Electronic logging devices (ELDs) are not yet mandatory in Canada, but many operators have attempted to stay ahead of the curve by implementing them. One issue that may arise in the conversion process, however, is the problem of “double logs”.
To prevent fraudulent recordkeeping, there has been a longstanding rule that drivers may not keep two copies of their daily logs. Section 190(5) of the Ontario Highway Traffic Act says: “No driver shall make or have more than one daily log that records the same time period ….” The laws of other provinces are similar.
But I know of at least one instance in southwestern Ontario in which an operator was charged because a driver had completed an electronic log as well as a paper backup for his own peace of mind.
The paper logs and the electronic logs matched perfectly. Supporting documentation was forwarded to the operator, but not the paper logs.
Despite the driver’s honesty and candor with Ontario Ministry of Transportation (MTO) officers, the company was charged under Section 190(6) of the Ontario Act for permitting a person to drive other than in accordance with the applicable rules and regulations. In effect, the company was charged with permitting its driver to keep double logs. Following the court’s disclosure process, the MTO’s prosecutor was no more sympathetic, steadfastly refusing to even negotiate a plea arrangement.
The law itself is a bit unclear. It seems to allow someone to make a copy of an electronic log – either by printing it out or making a handwritten copy. However, it is silent on the reverse situation, in which a paper copy is prepared prior to, or along with, the electronic record.
Section 21(3) of the Hours of Service Regulation says, “If a driver prints a daily log from the computer or prepares a handwritten daily log from the information stored in the computer, he or she shall date and sign each page, attesting to the accuracy of the information recorded on it.” Pursuant to section 24(1), the paper log and the supporting documents should be forwarded to the operator within 20 days. Thus, duplicate copies of electronic records can be made, so long as they are signed and submitted to the operator in a timely way. If they were not dated, signed, or submitted to the operator, the driver would technically be breaching his obligations.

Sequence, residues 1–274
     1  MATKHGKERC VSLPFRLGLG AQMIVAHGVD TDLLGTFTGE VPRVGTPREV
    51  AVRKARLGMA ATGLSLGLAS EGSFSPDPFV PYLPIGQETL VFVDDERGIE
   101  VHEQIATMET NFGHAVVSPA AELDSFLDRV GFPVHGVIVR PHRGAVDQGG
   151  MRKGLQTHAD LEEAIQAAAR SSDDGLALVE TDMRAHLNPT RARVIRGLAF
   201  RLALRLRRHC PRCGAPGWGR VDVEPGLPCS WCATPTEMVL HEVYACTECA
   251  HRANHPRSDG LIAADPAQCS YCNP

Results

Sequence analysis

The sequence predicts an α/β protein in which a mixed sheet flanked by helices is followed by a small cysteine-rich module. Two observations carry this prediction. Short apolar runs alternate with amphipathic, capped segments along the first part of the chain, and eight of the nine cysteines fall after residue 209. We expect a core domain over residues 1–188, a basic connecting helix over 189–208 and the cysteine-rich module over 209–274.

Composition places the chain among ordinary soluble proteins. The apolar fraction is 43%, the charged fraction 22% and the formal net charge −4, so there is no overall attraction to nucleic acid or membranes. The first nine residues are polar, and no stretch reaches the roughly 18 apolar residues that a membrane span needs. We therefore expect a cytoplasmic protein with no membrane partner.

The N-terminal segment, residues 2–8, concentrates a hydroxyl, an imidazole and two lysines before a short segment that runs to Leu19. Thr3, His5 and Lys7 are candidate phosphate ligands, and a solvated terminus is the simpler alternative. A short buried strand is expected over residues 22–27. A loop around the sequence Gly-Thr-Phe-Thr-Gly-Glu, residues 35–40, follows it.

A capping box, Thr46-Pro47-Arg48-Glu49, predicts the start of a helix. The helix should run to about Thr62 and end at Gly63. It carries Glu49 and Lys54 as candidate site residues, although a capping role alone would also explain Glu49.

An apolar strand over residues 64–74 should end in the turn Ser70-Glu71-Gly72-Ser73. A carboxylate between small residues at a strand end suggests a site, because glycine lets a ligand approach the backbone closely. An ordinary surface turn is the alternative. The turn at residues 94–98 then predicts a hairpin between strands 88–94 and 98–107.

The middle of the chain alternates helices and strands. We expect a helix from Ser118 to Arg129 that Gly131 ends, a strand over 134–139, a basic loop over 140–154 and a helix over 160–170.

Whether electronic logs can be produced from handwritten notes or logs is less clear. However, I would suggest electronic and handwritten recordkeeping that occurs at the same time should be permitted.
It’s a shame that the operator in this case pleaded guilty only to avoid the costs and trouble of fighting a trial, so there is no jurisprudence on the point.
Drivers can protect themselves by only submitting electronic logging information once they have moved over to ELDs, or by signing and dating any copies and sending them to their operators in a timely way, together with all supporting documentation.
Operators can also partially insulate themselves from this “double log” problem in their rollout of ELDs by addressing the issue in the implementation protocols. Even in a situation like the one faced in southwestern Ontario, an operator may be able to run a “due diligence” defence, showing that it had taken reasonable steps to avoid a technical breach. In most instances, this will likely be in the form of a rule that paper should be done away with altogether.
— Alan S. Cofman is a partner with Fernandes Hearn LLP in Toronto, and can be reached at 416-203-9500. This article is intended for information purposes only and does not constitute legal advice.
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